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Review: ‘Prisoners’

An assured and ambitious thriller, ‘Prisoners’ is one of the year’s best films.
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Jonathan Doyle, September 19, 2013 12:46:24 PM

Grade: A

Thanks to a period of impressive productivity culminating in a pair of striking—but very different—Jake Gyllenhaal vehicles (Prisoners, Enemy), Denis Villeneuve is starting to look like the heir to David Cronenberg’s throne as Canada’s most distinguished auteur. Early in Prisoners, two couples and their children gather for Thanksgiving—and a daughter from each family goes missing. Police rule out the mentally challenged Alex (Paul Dano) as a suspect, but Keller Dover (Hugh Jackman) still believes he is responsible. As a result, Keller perpetrates a kidnapping of his own, holding Alex hostage and vowing to torture him until he finds out what happened to his daughter. As this process escalates and the other victim’s parents (Viola Davis, Terrence Howard) get involved, Detective Loki (Gyllenhaal) attempts to unravel the case. Frustrated by Keller’s combative, uncooperative attitude, he eventually stumbles upon promising leads, concerning the kidnapping of the girls and Alex.

While watching Prisoners, most viewers will be engrossed in the external world of the film, but the big surprise here is how much unfolds beneath the surface. This is a well-oiled cinematic machine (the involvement of master cinematographer Roger Deakins doesn’t hurt) full of surprise, suspense, and disciplined filmmaking, but Villeneuve and screenwriter Aaron Guzikowski (Contraband) are equally interested in theme and character, resulting in a mainstream thriller with a novelistic complexity. The title itself is an important clue to the film’s real preoccupations. Exploring the feelings of powerlessness that either inspire torture or allow it to go unchallenged, the film features more prisoners than you might first realize. Where it gets really interesting—as both a story and an exploration of its themes—is in the unique ways that Keller becomes precisely the kind of monster he’s determined to destroy.

While Villeneuve introduces most of his characters as average Americans content to live lives indistinguishable from their neighbours, the kidnapping forces them to confront the more extreme aspects of their personalities. Known for playing characters of charm and good intentions, Hugh Jackman starts in his usual register, quickly shifting into a more disturbing, morally complicated mode. Authentic rage from any actor is powerful, but Villeneuve finds particular resonance in Jackman’s sizable deviation from his usual screen persona.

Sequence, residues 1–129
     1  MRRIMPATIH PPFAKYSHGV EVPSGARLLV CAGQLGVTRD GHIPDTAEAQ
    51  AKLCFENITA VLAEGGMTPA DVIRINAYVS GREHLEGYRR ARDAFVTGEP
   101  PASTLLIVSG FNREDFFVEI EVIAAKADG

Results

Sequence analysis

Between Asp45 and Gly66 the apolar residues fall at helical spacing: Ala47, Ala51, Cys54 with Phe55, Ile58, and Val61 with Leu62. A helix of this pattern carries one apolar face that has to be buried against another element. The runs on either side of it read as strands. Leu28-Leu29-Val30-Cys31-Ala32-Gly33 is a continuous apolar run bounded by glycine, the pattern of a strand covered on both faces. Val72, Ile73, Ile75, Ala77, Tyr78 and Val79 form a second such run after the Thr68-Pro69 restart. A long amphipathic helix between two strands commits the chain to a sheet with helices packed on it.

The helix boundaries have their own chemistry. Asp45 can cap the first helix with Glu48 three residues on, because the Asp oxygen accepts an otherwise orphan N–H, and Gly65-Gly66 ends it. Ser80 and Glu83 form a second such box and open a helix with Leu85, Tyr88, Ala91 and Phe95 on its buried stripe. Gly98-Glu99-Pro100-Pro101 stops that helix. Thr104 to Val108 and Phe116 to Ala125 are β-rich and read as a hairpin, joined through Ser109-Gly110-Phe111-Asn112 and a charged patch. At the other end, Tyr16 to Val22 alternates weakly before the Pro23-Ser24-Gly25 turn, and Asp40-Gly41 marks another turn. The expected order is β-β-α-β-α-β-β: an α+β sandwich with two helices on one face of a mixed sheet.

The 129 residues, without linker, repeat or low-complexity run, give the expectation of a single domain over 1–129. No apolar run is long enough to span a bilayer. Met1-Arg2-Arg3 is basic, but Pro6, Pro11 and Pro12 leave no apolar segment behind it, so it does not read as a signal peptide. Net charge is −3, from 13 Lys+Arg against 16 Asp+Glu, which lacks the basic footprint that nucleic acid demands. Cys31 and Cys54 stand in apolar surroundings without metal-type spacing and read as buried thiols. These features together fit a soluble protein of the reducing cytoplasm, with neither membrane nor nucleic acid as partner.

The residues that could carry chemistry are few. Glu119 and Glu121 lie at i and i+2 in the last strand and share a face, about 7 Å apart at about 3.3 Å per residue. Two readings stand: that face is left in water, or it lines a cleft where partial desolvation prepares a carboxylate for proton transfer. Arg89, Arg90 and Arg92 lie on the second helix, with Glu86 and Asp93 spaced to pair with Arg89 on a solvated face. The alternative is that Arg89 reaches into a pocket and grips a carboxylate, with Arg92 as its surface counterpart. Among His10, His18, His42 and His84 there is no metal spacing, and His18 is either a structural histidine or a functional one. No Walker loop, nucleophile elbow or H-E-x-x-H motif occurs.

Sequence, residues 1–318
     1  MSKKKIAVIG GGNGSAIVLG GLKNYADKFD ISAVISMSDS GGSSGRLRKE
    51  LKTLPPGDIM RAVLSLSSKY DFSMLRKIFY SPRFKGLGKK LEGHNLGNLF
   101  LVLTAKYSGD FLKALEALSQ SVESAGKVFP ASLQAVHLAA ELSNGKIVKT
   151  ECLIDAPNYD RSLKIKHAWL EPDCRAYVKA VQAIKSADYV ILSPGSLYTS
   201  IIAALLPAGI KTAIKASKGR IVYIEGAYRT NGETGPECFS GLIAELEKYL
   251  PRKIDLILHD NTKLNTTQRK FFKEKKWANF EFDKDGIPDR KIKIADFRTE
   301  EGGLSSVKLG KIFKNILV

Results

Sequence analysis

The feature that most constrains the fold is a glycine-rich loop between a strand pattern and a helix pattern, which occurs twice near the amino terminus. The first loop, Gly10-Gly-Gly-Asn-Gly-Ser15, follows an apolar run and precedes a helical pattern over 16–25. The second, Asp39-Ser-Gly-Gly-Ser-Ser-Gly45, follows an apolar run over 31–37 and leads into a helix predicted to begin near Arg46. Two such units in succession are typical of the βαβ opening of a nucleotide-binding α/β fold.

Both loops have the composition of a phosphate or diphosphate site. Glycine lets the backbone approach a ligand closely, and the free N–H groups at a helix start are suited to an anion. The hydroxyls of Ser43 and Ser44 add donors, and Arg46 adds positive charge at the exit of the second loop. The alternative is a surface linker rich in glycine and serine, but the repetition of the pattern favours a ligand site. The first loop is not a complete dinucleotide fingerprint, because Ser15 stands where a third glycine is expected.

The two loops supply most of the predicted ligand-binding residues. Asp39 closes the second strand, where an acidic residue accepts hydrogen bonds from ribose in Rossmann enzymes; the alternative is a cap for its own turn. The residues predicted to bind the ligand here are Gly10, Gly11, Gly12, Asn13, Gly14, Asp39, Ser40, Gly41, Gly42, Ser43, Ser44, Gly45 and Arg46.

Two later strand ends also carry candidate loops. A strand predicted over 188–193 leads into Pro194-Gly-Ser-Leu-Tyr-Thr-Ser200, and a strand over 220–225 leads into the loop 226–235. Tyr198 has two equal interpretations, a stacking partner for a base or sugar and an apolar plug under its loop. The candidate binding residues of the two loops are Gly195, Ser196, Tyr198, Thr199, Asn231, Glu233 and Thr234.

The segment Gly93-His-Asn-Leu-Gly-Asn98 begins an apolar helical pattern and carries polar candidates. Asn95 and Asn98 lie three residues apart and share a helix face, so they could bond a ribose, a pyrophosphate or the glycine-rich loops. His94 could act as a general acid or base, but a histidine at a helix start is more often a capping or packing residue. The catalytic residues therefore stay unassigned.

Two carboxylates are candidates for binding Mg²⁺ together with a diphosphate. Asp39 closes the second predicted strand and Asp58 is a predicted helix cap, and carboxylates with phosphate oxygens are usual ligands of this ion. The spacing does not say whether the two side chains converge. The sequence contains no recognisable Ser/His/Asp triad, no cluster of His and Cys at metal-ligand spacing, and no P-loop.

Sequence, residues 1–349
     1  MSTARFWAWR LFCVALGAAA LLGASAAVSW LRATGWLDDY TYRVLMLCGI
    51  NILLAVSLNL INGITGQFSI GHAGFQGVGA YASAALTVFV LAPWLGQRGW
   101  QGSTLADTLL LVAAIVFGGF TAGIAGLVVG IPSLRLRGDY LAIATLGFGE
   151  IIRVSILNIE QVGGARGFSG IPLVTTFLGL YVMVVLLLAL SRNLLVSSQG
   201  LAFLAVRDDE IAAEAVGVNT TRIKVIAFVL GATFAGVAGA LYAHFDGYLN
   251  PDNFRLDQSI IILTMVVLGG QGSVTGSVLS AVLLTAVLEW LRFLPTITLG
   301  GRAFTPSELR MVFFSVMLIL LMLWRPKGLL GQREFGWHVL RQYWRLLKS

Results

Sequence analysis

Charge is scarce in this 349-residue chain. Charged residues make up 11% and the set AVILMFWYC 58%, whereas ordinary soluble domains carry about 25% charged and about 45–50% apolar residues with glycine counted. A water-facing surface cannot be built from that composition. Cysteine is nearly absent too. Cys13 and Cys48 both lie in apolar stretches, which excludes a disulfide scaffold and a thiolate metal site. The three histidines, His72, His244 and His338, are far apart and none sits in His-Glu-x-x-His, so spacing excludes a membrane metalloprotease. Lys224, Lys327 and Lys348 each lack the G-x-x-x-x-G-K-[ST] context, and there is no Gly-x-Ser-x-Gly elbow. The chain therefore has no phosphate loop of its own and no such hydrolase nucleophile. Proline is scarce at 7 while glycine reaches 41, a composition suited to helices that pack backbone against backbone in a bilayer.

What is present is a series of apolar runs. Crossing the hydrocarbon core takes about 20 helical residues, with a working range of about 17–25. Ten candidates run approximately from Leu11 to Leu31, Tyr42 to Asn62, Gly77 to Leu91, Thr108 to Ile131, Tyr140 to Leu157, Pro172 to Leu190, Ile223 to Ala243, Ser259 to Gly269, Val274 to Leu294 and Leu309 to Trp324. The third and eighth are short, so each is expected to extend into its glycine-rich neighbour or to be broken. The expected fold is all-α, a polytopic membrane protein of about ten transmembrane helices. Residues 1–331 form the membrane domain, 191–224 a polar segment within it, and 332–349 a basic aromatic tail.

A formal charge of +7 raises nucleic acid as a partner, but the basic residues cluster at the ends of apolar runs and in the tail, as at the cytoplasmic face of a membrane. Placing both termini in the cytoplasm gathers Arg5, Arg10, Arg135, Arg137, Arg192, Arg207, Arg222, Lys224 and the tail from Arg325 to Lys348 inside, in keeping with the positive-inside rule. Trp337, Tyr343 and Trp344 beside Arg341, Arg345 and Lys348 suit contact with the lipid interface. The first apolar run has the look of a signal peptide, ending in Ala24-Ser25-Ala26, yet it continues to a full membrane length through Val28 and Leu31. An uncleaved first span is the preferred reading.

As the film’s more levelheaded protagonist, Jake Gyllenhaal delivers one of his most grown up performances. On paper, this character is a relatively traditional investigator, but Gyllenhaal personalizes the characterization, adding several key details. While his tattoos, facial tics, and increasingly ruffled locks may strike some viewers as an actor’s plea for attention, they also give the character a welcome specificity. None of this is essential to the plot, but it enriches Loki’s conflict with Keller and suggests an entire life outside the film’s central narrative. This is indicative of a general strategy employed by Villeneuve and his cast. Rather than shoot the film’s excellent script exactly as written, they constantly add details to complicate genre conventions.

However, the key to the film’s power is Villeneuve’s understanding of subtlety as a dramatic tool. Rather than explain away the film’s complexities, he lets them quietly sink in. This has already caused some critics to mistakenly conclude that Prisoners is an endorsement of torture, a wildly incorrect conclusion that misunderstands the film’s paradoxical nature. When you leave the theatre and start to process the implications of the eventful final act, the film’s central torture victim quietly emerges as one of the most devastating characters in recent memory, not collateral damage. By complicating the usual cinematic treatment of vengeance and justice, Prisoners finds rare nuance in the thriller form, resulting in an urgent, evocative work worthy of comparison to modern classics like Seven and The Silence of the Lambs.

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Jonathan Doyle

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